We will advise you on how to stop dog separation anxiety, a common behavioral issue in big cities. We recommend you read this post describing dog separation anxiety before we ask you to understand it.
The following advice is a component of a strategy that helps dogs experiencing separation anxiety. These routines will undoubtedly assist your friend if you can include them in your own and your dog’s from a young age.
We also have advice for you in the second half of the article if you start to notice minor signs like excessive vocalization (barking nonstop, howling, or yelping), destruction of objects or mess (turning garbage, destroying furniture, throwing plants on the floor, etc.), and inappropriate disposal (urinating and defecating in wrong places) when the animal is home alone.
If the puppy is stillborn and you have access to it, be sure the mother has been detached from it before bringing it into your home. In other words, the breeders or NGO caring for the puppies already begin to practice the puppy’s independence, such as keeping it briefly apart from its mother and siblings, treating the puppy delicately, and providing toys and other stimulating activities for the cub. Ensure the puppy is not weaned too soon (before three months of age). He must spend at least 60 days with the litter. However, 90 days is optimal.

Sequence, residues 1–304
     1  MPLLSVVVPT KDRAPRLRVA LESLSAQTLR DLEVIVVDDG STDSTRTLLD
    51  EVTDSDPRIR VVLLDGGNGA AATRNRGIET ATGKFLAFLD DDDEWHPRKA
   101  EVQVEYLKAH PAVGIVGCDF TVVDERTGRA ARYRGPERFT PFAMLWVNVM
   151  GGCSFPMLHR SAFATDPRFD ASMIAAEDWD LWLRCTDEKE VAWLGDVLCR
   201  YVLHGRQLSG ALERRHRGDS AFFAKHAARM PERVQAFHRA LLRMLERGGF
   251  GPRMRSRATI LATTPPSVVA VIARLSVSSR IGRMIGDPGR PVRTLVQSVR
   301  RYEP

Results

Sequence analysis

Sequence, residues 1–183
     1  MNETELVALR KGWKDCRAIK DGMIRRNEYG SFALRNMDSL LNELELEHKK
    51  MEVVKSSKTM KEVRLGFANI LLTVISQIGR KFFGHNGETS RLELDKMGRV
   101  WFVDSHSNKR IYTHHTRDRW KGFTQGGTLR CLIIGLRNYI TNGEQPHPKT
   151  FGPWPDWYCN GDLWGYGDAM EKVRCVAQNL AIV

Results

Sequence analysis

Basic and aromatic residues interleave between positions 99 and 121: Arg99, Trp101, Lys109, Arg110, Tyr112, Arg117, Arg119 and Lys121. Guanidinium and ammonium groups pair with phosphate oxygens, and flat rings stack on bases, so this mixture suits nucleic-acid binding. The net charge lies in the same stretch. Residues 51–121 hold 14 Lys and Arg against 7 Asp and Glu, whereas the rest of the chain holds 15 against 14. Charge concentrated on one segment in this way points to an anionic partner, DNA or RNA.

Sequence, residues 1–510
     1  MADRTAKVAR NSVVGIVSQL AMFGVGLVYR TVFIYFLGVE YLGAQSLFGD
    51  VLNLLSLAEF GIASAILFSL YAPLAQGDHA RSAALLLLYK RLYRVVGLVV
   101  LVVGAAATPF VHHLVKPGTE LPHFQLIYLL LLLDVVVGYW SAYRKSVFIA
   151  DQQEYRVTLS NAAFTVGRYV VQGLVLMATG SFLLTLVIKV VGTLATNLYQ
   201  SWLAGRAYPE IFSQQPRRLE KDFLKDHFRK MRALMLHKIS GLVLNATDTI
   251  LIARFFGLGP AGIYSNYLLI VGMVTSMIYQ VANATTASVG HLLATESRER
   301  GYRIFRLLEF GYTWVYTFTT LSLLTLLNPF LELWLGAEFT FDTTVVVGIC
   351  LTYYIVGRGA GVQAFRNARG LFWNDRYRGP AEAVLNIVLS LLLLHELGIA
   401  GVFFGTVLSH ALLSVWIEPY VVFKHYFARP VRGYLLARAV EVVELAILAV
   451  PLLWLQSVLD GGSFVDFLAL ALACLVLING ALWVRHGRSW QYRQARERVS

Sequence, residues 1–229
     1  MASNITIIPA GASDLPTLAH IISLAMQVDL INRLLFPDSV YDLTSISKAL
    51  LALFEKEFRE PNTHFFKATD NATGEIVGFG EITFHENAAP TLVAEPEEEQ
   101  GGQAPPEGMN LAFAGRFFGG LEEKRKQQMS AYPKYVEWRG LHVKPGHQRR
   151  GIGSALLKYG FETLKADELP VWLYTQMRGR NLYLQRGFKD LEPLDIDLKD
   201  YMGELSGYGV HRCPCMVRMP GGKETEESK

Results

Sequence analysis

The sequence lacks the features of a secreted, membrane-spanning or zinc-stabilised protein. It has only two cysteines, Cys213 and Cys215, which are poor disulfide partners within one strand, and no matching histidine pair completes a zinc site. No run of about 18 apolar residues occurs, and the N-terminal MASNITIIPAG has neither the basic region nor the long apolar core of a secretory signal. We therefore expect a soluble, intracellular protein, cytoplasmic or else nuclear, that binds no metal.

HIGHLY IMPORTANT: In no circumstances should you discipline the dog. Punishment can promote undesirable behavior and increase anxiety while failing to teach the animal the proper behavior. Don’t fight, pull, or otherwise react if the dog does something unpleasant, such as peeing inappropriately, leaping on guests, barking excessively, or yanking on the leash. Learn more about positive reinforcement methods and how to encourage your pet to perform or display the behaviors you want to see more of by reading about them.
Introduce the dog to some home alone time gradually. Begin the procedure with slow departures, beginning with brief intervals of 1 to 5 minutes and then slowly lengthening the time between releases. This growth should not be linear after 5 minutes but rather alternate between longer and shorter periods. After the puppy has been welcomed into the new home, this procedure should be gradual and repeated daily. Do the same thing, but right before leaving, act as you usually would when you leave the house (put on high heels, get your handbag, car keys, wallet, etc.).
If he is calm, reinforce that behavior!
If the dog behaves well, you should touch him when you return to where he is (no need to exaggerate the caresses, just a stroke to reinforce the correct behavior). Ignore the dog if he did not act appropriately while you were away from him to prevent reinforcing the bad behavior. Never punish him, please!
Give exit cues (simulate typical exit behaviors such as gathering keys, getting ready in front of the mirror, bidding people farewell, etc.) at times other than the usual exit while ignoring any adverse reactions from the dog.